Taxpayer Advocate Says Tax Code is “Unconscionable Burden,” Suggests Junking the AMT

If there's one word that appears over and over in National Taxpayer Advocate Nina Olson's 2012 Annual Report to Congress, it's "burden" and variations thereof. A quick search found 25 repetitions of "burden," "burdens" or "burdensome" just in the executive summary (PDF), not counting the table of contents (it's a long executive summary). Notably, she says in the chapter on the complexity of the tax code (PDF), "the existing tax code inflicts significant, even unconscionable, burden on taxpayers, and Congress could alleviate much of that burden by vastly simplifying the tax code."

Welcome to our world, Nina. But tell us, just how burdensome is the tax code?

An analysis of IRS data by the Office of the Taxpayer Advocate shows it takes U.S. taxpayers (both individuals and businesses) more than 6.1 billion hours to complete filings required by a tax code that contains almost four million words and that, on average, has more than one new provision added to it daily. Indeed, few taxpayers complete their returns without assistance. Nearly 60 percent of taxpayers hire paid preparers and another 30 percent rely on commercial software to prepare their returns.

The report offers an interesting assessment of the Alternative Minimum Tax, too, that addendum to the tax code intended to make sure that everybody their fair share of the cost of running our oh-so-wonderful federal government.

The AMT was originally enacted to ensure that the wealthiest U.S. taxpayers pay at least some tax each year by adding back into income certain tax benefits known as “tax preferences.” Yet in 2008, 87 percent of all tax preferences that gave rise to AMT liabilities was attributable to the disallowance of personal exemptions and the deduction for state and local taxes. Only under the unique logic of the AMT are the acts of having a large family and living in a high-tax state viewed as a tax dodge.

The report calls for the AMT to be repealed.

Less praiseworthy is Olson and company's insistence that the Internal Revenue Service suffers "significant and persistent underfunding," and that its budget should be hiked and then separated from the rest of the federal budget to shield it from cuts. Given the IRS's history of enforcing stupid rules in incredibly abusive ways, the idea of giving the agency more resources with which to send its licensed muggers prowling the highways and byways seeking out victims sends a bit of a chill down the old spine.

Thanks for recognizing the "burdensome" complexity of the tax code and the utter foolishness of the rules enforced by the IRS, Nina. Under the circumstances, I hope you'll forgive us if we hesitate to sign on to your proposal to further empower tax collectors.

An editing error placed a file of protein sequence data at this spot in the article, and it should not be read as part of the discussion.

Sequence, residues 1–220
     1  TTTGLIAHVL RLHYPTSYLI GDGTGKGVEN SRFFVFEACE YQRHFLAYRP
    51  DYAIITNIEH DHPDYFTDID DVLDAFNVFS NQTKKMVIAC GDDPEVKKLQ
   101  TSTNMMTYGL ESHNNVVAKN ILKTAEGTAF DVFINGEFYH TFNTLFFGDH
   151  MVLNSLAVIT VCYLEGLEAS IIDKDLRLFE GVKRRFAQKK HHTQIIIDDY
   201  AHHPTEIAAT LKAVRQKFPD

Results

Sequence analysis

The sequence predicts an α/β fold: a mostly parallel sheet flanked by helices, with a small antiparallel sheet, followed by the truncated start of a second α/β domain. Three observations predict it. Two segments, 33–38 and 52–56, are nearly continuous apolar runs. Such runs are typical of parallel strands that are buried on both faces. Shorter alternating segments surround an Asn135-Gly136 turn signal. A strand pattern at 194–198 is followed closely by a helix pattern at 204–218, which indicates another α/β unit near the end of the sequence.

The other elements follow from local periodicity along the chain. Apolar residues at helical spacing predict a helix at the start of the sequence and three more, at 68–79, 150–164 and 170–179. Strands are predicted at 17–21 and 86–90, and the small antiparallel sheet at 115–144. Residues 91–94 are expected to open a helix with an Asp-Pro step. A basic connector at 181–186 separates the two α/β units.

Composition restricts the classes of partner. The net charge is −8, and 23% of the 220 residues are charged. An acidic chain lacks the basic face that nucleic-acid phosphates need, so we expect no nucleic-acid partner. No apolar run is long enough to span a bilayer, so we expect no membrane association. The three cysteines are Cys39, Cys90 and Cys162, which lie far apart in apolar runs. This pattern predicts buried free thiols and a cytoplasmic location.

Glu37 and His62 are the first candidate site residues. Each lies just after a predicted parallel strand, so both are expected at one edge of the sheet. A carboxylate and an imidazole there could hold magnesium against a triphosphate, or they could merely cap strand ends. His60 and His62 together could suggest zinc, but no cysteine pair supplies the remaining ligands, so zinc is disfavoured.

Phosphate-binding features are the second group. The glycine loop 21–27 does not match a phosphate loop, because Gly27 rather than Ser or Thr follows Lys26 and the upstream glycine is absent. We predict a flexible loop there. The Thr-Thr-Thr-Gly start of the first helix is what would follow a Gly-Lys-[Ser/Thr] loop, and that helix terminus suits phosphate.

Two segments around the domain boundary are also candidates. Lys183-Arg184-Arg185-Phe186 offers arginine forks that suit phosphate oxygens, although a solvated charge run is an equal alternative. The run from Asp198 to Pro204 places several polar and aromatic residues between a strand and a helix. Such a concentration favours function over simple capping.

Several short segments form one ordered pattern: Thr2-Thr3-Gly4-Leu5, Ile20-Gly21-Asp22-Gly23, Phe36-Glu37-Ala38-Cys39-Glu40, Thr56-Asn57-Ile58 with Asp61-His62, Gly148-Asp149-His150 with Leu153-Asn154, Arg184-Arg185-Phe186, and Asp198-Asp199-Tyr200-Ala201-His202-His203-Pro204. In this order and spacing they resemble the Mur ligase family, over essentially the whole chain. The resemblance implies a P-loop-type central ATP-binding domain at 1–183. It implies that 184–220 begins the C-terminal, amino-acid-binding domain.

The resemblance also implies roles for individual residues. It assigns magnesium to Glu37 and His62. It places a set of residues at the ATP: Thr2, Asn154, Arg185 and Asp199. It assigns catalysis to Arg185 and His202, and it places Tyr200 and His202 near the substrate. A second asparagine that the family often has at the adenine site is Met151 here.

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  • ||

    Like our rulers are going to make the tax code less burdensome, less unfair, less thievy?

    I swear the retards are driving the short bus. We'd get better results handing complete control of the fedgov to Skinny P., Combo, and Badger.

  • Tman||

    Semi-related (but from the same TA report)- the IRS is very busy lately dealing with the fact that they've received over 650,000 false IRS returns that are the result of Identity Theft.

    From the TA report-

    TAX-RELATED IDENTITY THEFT
    The number of tax-related identity theft incidents has increased substantially in recent years. Within TAS, identity theft case receipts increased by more than 650 percent from FY 2008 to FY 2012. At the end of FY 2012, the IRS had almost 650,000 identity-theft cases in its inventory servicewide. The problem has grown worse as organized criminal actors have found ways to steal the Social Security numbers (SSNs) of taxpayers, file tax returns using those taxpayers’ names and SSNs, and obtain fraudulent tax refunds. Then, when the real taxpayer files a return claiming the refund, that return is rejected. The impact on victims is significant. More than 75 percent of taxpayers filing returns are due refunds, which average some $3,000 and are not paid until the IRS fully resolves a case.

    It is estimated that the IRS will send out close to $2 billion in fraudulent tax refunds. This year alone they sent over 2100 individual tax refund checks (all for different people, all in the range of $1500 each) to a single house in Lansing Michigan.

    I'm sure that once Obamacare kicks in they'll have all this mess figured out though.

    No sweat.

  • T o n y||

    Complain about a government agency's dysfunction. Check. Laugh off the idea of providing that agency with any more resources to to its job. Check. Continue complaining. The libertarian feedback loop.

  • Rhywun||